Lessons Learnt: Crew injured securing a tow

Lessons Learnt: Crew injured securing a tow

Vessel Type: Bulk carrier

Incident description

After completion of loading and with a pilot on board, the forward and aft deck teams were ordered to commence singling up the mooring ropes. The aft mooring team consisted of the second officer in charge, an AB and fitter. Once the outboard stern lines were let go and hauled in, instructions were given to make a tug fast through the centre lead. The AB passed a heaving line to the tug crew, who secured the end to a messenger line and gave the signal for the ship to commence heaving in the messenger and tow wire. After the slack was pulled in by hand, the messenger was led around two sets of bitts and onto the winch warping drum by the AB. At this time, the second officer was stationed on the starboard aft corner of the poop deck and the fitter was operating the winch controls. With four turns on the warping drum, the crew continued to haul in the messenger under power and just as the eye of the towing wire entered the fairlead, the messenger suddenly parted with one end violently snapping back and striking the AB on the head. The AB sustained a serious eye injury and was immediately transferred ashore to hospital.

Analysis

The Club is aware of a number of accidents occurring during the making fast or letting go of a tow. In another case, a carpenter was killed after being struck on the neck by a messenger line jumping off a warping drum. In the subject incident, the messenger was not obviously defective to the crew, who are necessarily reliant on the tug maintaining their own equipment in good condition. The messenger may have come under excessive strain due to insufficient slack on the wire combined with additional friction created by the eye passing through the fairlead. However, the crew should have been alert to the possibility of the line becoming taut without warning. The AB was unsupported at the warping drum, where he was tasked with both handling the rope from the drum and coiling down the slack. On a Panamax bulk carrier, expecting three crew members to safely manage an operation of this nature was probably asking too much.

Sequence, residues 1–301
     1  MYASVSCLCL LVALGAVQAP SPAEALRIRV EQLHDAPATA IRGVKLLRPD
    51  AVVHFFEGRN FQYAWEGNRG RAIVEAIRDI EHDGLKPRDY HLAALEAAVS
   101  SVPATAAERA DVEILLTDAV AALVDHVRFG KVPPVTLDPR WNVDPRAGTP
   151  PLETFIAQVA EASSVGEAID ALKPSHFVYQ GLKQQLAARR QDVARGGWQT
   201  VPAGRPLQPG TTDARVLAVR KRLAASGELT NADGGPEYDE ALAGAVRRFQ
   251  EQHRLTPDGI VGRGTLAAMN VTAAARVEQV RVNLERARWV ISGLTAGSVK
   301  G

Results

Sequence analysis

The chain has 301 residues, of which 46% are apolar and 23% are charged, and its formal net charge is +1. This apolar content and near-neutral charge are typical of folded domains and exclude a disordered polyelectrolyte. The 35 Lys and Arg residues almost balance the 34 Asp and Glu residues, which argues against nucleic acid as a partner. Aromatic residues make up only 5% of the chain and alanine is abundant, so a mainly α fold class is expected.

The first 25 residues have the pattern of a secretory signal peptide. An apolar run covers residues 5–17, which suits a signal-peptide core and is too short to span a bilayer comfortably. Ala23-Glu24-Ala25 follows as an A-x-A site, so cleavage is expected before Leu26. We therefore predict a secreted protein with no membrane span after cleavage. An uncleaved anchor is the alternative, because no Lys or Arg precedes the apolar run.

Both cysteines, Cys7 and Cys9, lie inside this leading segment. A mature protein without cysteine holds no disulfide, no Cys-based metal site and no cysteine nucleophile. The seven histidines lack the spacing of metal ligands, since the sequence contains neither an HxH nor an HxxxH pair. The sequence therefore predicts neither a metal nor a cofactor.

Lessons Learnt

  • All mooring and towing operations should be properly risk assessed and planned to ensure all involved crew are aware of how the operation is to be conducted as well as to the potential hazards and safety precautions
  • Mooring crew must be adequately certified, trained, experienced and of a sufficient number to conduct operations safely
  • The officer in charge must carefully monitor the tension on lines and give warning where there is risk of them becoming taut
  • Avoid using excessive turns of rope on warping drums

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